Artist Research – part 3

It is suggested in out course notes that we should do some research about artists that use casting and molding techniques in their work to help influence and guide our experiments through the exercises for this part of the course.

I have started by researching the suggested artists on the Internet and looked for books related to the artists.

Eduardo Paolozzi
Our course notes state: Eduard Paolozzi (1924 – 2005). Many sculptors use molding and casting to achieve forms but Paolozzi, a Scottish born sculptor and artist, created interesting detailed abstract reliefs using machine parts in a kind of three dimensional collage. Works include Head of Inventionmand the ventilation tower near Pimlico tube station in London.

Born to Italian parents in Edinburgh in 1924, Eduardo Paolozzi studied at the Edinburgh college of art, St Martin’s School of Art and finally the Slade School of Art in Oxford before studying abroad.

His work is very varied in technique and includes collage, sculpture, painting, ceramics, film making and textiles. He quite often used reused materials and found objects starting as a young boy keeping scrapbooks and becoming very well known later for his collages. However, it is his sculpture pieces involving casting that is of most interest to me at this point in the course:

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Large frog 1958. Bronze, 73 x 83 x 83 cm British Council Collection

This sculpture uses found objects pressed into clay to create an impression on the surface of the piece when cast in first wax then bronze. This is typical in the sculptures he made and creates a fascinating surface. I really like the way that the different textures create the mouth of the frog. It almost reminds me of a futuristic city on stilts.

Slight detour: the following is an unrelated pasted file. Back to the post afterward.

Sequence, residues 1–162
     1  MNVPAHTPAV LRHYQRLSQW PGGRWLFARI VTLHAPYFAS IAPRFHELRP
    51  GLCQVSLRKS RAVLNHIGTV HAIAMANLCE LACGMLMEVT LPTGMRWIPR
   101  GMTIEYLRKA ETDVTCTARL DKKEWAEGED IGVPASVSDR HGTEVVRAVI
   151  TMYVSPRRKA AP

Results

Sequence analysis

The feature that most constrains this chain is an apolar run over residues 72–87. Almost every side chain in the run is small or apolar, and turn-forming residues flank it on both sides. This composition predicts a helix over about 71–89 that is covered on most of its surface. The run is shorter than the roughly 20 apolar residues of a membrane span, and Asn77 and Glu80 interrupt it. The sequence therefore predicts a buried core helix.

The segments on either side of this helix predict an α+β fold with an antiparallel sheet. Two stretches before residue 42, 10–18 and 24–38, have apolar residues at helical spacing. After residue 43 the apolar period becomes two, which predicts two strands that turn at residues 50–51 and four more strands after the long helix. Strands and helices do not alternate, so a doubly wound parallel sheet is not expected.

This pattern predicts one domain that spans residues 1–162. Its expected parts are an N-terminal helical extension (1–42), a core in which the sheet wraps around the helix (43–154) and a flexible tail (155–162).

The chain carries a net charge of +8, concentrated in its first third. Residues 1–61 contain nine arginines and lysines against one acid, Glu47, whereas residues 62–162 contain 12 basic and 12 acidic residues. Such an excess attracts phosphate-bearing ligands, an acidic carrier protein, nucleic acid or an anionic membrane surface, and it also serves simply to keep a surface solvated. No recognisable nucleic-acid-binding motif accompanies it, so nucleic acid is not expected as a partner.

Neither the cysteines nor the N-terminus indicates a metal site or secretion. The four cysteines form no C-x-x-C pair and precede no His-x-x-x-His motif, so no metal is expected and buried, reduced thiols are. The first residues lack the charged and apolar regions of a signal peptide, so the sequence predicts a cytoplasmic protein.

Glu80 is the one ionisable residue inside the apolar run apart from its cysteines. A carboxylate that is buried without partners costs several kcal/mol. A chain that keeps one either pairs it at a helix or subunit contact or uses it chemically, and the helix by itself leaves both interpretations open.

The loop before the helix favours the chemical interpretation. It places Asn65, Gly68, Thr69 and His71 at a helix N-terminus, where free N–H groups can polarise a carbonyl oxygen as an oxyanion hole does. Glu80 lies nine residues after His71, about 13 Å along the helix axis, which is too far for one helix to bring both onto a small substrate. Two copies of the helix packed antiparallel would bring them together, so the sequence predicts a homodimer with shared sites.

The lost-wax technique he employed to create these textures is very interesting: ‘He developed a technique of pressing found objects such as machine parts and toys into a bed of clay which would then be cast in wax, before being cast in bronze’.(http://pallant.org.uk/). This was obviously a highly skilled technique which I could not attempt to replicate myself during this course but it does throw up a few possibilities in my mind. For instance a similar surface might be achieved by pressing items into clay then taking a mold of this with latex and then making a cast with resin or plaster?

paolozzi_standingfigure1968_0

Metamorphosis of rubbish standing figure, 1958, height 88cm Pallet house gallery (Wilson loan, 2006) This sculpture again uses the lost wax technique. I really like these textures, they link really nicely with my love of using found objects and I would cartainly like to try creating similar textures in this section of the course.

Sources & further reading:

http://pallant.org.uk/exhibitions/past-exhibitions/2013/main-galleries1/eduardo-paolozzi-collaging-culture/eduardo-paolozzi-collaging-culture/themes/metamorphosis-of-rubbish

http://www.mylearning.org/art-across-the-curriculum/p-638/

http://www.tate.org.uk/art/artists/sir-eduardo-paolozzi-1738

http://www.eduardo-paolozzi.com/

Eduardo Paolozzi, by Judith Collins  Publisher:Lund Humphries; New edition edition (27 Oct. 2014)

Nigel Henderson & Eduardo Paolozzi: Hammer Prints Ltd. 1954 – 75 Hardcover  Publisher: firstsite (13 Aug. 2012)

Victoria Ferrand Scott